Tennis: When your ‘best’ isn’t good enough

Posted in Regulations

Bernard Tomic is again facing criticism from tennis and broadcasting circles following his first-round defeat to Jo-Wilfried Tsonga at Wimbledon. Tomic’s performance was described by the BBC as “embarrassing” and “distasteful”. With just 58 minutes on the clock when Tsonga sealed a 6-2 6-1 6-4 victory, the match was the second fastest men’s tie at SW19 since such records began in 2002. On first glance, it may seem little can be done to prevent such performances, but this is where the ‘best efforts rule’ seeks to protect the integrity of tennis.

The ‘best efforts rule’ features in the rulebooks for Grand Slams and other ATP tournaments. Article III Part E of the 2019 Grand Slam Rulebook states: “A player shall use his best efforts to win a match when competing in a Grand Slam Tournament,” with an initial fine of up to US$20,000 per offence. For the first round of Grand Slam competitions only, the referee may decide that a player’s performance falls so far short of their “required professional standard” that a fine up to the amount of their first-round prize money may be incurred. In accordance with Article III Part G, factors considered in the course of determination by the referee include if:

“(i) the player did not complete the match;

(ii) the player did not compete in the 2-3 week period preceding the Grand Slam;

(iii) the player retired from the last tournament he/she played before the Grand Slam;

(iv) the player was using a Protected or Special Ranking for entry;

(v) the player received a Code Violation for failure to use Best Efforts.”

Although Tomic completed his match and did not receive a code violation at the time, he has since been fined his full £45,000 first-round Wimbledon prize money. However, Tomic is not the only player this year to receive such a punishment. Anna Tatishvili was fined her full first-round fee at Roland Garros following a 6-0 6-1 defeat, after using a protected ranking to enter, and having last played at a tournament in October 2017 due to injury.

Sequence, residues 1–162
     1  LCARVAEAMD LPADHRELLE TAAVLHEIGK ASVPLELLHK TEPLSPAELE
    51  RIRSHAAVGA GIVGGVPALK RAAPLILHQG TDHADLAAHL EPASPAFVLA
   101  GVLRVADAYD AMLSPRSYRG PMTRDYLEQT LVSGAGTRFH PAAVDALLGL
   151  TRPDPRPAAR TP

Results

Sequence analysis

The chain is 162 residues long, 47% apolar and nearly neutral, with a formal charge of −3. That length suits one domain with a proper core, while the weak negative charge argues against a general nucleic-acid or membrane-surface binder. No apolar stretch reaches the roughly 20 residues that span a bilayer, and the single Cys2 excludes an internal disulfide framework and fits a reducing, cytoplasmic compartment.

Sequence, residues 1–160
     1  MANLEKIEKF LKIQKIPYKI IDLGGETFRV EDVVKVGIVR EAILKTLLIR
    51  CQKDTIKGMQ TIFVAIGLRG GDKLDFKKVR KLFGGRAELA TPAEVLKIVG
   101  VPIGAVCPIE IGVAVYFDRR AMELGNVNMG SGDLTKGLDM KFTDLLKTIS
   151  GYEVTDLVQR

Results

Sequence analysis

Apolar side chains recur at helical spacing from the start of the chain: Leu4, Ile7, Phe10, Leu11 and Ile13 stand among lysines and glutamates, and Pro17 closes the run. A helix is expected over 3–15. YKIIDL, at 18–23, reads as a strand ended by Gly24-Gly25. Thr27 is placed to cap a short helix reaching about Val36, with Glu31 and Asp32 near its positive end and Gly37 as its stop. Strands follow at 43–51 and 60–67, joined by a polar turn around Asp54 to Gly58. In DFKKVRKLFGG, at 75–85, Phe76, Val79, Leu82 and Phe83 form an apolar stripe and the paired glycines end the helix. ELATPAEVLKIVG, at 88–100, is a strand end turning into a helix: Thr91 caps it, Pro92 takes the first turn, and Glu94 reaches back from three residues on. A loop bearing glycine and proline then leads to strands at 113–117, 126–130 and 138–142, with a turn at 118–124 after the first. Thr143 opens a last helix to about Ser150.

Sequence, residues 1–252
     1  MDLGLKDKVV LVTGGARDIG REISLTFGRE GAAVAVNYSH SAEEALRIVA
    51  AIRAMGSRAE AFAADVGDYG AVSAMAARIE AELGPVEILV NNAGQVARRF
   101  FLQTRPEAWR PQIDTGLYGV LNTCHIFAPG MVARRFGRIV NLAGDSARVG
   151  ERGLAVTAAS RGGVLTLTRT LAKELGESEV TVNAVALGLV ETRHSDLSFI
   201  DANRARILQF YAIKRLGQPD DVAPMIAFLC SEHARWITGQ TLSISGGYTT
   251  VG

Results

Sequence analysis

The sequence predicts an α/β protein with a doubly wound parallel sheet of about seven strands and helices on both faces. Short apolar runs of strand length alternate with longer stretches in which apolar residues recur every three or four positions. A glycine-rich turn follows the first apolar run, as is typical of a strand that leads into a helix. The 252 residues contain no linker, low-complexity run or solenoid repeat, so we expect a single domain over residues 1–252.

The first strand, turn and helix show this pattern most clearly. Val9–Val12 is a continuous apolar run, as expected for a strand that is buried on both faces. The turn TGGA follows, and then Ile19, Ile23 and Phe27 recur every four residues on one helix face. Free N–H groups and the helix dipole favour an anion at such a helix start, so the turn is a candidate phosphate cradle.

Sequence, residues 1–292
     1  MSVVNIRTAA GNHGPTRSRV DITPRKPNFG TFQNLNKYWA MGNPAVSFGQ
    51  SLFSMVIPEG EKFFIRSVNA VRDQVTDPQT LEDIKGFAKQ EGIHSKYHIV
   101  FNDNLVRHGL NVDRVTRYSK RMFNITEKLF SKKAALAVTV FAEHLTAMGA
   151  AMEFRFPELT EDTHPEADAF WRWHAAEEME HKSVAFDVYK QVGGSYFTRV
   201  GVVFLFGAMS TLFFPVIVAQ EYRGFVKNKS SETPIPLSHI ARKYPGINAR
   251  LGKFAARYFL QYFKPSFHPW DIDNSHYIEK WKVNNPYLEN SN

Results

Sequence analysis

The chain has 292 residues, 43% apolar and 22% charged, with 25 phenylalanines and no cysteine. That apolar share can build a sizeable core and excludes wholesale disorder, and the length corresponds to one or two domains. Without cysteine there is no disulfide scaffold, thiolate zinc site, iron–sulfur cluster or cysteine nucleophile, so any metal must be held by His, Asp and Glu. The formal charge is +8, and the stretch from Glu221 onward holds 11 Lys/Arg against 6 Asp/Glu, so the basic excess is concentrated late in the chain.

There is understandably concern as to the damage such publicity could do to the sport’s commercial image. Tomic lost his racquet sponsor, Head, following a similar incident at Wimbledon in 2017, and other sponsors could also be deterred from future investment in the sport.  Fans of tennis might even decide to vote with their feet if they perceive tennis to lack the civility and integrity with which the sport has become inextricably associated. Both outcomes would undoubtedly be negative for tennis as a sport and a global brand.

The cases of Tomic and Tatishvili suggest that previous rule changes may have been ineffective deterrents, since the rule under Article III Part G for Grand Slams and the doubling of ATP fines were only enacted in 2017. Alternative punishments at the disposal of authorities include bans from Grand Slam competitions or deductions of ranking points, which may have a greater impact on players’ attitudes than monetary fines alone. However, following incidents at two Grand Slams this year, there will likely be heightened scrutiny as tennis authorities look for a solution.

With thanks to vacation scheme student James Lehmann for his assistance in preparing this blog. 

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